Alison Bechdel has never shied away from revealing herself. Her mother, on the other hand, has. Bechdel has revealed the deeply troubled past of her family (being brought up by a depressed, closeted father who eventually committed suicide) in the prize-winning FUN HOME, and detailed the funny yet poignantly truthful lives of fictional lesbian characters.
"As always, Bechdel’s work is solidly textured and deeply meaningful. It fits fine with a top-level, quick reading, but its truest rewards come from lingering on its pages and seeing the deeply rooted connections she’s making."
ARE YOU MY MOTHER? borrows some of its style and structure from FUN HOME (it’s sprawling and nonlinear, told in dual tones, and, most obviously, focuses on her insights into her parentage), but Bechdel creatively and cleverly avoids treading over any of the same ground. It’s a quite impressive task, creating a memoir as epic and bold as this one and still infusing it with a unique freshness that is all its own. Throughout its pages, we still find new insights that build on what we’ve read in FUN HOME but never rehashes it.
Much of the book, interestingly, is about itself, a delightfully self-referential exercise that mimics the real-life story of Bechdel’s own development. Bechdel painstakingly struggles to write and draw the story and make all the pieces come together. Reading this struggle made me realize how brilliantly nuanced this book truly is. Bechdel dances on the edge of not one but two very dangerous storytelling canyons: first, a memoir about one’s strained relationship with her mother risks being overwrought from the onset; second, doing a “metabook” about the struggles of writing a book can seem whiny and alienate readers if not done properly. Bechdel handles both of these with deft aplomb, creating richer ties with her reader as a result.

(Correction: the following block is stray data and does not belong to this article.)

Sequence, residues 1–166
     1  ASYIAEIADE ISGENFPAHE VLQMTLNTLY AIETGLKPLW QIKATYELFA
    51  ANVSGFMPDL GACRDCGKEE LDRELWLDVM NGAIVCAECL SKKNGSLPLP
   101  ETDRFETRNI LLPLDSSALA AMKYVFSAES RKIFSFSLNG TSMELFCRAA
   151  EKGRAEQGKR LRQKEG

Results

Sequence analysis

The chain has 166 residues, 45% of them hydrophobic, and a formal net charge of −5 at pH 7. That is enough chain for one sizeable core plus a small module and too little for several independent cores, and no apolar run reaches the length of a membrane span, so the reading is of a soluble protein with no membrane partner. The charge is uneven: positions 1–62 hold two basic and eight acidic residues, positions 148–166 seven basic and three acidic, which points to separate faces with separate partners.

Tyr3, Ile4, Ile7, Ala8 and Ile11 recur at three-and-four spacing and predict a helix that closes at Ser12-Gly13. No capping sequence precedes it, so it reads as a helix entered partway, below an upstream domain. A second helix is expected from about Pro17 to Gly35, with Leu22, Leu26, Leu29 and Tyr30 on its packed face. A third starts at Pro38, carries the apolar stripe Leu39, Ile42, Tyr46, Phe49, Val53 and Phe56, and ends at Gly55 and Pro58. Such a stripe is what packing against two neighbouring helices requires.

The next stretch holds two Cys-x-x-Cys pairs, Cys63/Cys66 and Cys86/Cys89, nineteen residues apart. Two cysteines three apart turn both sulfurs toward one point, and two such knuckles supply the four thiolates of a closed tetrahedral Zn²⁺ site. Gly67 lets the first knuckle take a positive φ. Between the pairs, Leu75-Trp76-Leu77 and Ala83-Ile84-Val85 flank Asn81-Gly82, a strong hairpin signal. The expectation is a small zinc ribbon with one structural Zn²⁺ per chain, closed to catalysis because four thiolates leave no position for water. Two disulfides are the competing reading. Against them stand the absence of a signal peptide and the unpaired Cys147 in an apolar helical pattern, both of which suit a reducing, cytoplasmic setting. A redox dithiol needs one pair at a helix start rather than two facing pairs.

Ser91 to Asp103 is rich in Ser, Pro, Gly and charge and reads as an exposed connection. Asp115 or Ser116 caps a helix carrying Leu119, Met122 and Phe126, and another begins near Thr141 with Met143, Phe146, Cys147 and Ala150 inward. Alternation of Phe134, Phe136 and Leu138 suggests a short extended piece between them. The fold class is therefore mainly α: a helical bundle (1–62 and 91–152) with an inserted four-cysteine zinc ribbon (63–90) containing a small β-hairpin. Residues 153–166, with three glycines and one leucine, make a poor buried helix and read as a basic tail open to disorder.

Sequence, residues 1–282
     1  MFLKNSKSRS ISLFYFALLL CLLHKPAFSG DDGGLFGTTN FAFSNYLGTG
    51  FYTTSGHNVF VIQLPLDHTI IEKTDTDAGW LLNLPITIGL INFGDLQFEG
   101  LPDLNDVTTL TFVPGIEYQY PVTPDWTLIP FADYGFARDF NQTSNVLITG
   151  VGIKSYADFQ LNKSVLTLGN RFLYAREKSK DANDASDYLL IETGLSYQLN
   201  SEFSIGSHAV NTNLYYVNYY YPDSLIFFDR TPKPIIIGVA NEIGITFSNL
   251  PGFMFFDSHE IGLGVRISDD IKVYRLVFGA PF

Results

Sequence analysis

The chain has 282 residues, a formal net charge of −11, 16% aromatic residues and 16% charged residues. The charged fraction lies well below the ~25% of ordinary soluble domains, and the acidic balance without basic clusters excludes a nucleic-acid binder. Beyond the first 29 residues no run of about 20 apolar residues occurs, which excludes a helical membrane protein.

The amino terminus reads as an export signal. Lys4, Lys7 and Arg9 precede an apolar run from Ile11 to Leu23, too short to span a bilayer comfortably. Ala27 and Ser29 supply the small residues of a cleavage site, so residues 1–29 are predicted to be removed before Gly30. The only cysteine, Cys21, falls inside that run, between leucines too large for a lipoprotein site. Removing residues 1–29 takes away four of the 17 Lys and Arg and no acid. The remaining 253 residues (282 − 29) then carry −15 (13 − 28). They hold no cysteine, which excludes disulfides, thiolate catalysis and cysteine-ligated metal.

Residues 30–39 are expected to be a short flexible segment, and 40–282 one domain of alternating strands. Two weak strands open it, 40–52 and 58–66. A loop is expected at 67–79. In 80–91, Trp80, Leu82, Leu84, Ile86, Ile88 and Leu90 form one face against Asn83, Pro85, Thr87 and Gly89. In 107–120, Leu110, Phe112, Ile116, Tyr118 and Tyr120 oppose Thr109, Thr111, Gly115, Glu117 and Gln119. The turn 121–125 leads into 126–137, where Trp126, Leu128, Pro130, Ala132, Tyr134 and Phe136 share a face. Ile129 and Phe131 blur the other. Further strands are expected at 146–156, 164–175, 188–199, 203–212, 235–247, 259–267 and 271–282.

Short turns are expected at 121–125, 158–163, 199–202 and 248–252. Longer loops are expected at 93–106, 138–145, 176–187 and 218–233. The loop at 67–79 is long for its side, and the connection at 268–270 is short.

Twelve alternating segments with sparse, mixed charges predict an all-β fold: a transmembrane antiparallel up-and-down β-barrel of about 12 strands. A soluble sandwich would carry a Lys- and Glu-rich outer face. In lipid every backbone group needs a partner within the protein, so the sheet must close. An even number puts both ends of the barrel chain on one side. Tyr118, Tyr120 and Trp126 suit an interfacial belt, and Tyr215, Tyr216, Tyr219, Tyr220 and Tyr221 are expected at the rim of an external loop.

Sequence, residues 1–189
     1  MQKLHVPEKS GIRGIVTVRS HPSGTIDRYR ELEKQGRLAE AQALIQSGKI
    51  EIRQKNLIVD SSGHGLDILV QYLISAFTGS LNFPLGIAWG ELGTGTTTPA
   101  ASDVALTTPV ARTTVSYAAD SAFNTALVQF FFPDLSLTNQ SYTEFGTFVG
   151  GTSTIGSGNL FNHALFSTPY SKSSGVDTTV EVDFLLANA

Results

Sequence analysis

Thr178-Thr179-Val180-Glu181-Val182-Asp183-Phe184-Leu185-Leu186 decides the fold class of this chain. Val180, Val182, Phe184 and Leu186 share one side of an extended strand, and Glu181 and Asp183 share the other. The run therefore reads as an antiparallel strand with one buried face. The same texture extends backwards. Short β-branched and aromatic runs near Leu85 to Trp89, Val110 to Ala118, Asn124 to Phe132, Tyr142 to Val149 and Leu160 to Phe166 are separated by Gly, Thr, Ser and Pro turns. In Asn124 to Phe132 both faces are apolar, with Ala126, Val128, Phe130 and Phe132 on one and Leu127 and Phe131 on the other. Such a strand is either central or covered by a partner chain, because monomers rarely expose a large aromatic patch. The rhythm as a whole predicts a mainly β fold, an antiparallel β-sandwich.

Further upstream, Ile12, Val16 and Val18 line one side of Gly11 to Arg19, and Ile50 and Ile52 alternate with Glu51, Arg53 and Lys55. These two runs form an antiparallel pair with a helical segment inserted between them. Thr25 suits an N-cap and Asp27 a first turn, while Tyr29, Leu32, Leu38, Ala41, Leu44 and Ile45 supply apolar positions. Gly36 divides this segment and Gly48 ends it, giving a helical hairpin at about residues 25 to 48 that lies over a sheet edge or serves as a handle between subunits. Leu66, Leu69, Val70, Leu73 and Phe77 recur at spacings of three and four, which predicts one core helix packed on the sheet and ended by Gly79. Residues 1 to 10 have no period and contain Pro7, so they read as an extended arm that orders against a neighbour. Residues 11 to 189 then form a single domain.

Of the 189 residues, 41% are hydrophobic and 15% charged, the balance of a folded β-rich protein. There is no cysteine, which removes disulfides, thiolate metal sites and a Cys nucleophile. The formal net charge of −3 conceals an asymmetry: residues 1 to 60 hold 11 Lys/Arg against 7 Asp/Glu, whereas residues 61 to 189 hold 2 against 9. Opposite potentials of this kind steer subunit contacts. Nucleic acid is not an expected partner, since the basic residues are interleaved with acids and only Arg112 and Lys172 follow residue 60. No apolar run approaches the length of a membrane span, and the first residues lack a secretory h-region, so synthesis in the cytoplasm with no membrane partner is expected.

As always, Bechdel’s work is solidly textured and deeply meaningful. It fits fine with a top-level, quick reading, but its truest rewards come from lingering on its pages and seeing the deeply rooted connections she’s making. She pulls inspiration from a myriad of sources (writers, psychiatrists, lovers, friends, pop culture, therapists, her own work, and, of course, the words of her own mother), and she deconstructs and reconstructs them effortlessly. Somehow, the personal story of a woman whose life bears little resemblance to most readers’ takes on universality and resonance through its specificity.
Her mother is intriguing and ultimately a very sympathetic figure. She is reticent to have her life analyzed and dissected, so Bechdel parses meaning from tidbits of information, scattered memories, and her own experiences. Ultimately, though, this is Bechdel’s story, not truly her mother’s. Bechdel spends the entire book documenting her search for meaning in the act of achieving personhood, and through that, she attempts to create multiple mother figures. But the actual mother she has, and the one she finds within herself, are the ultimate rewards for her quest.
Reviewed by John Hogan on May 3, 2012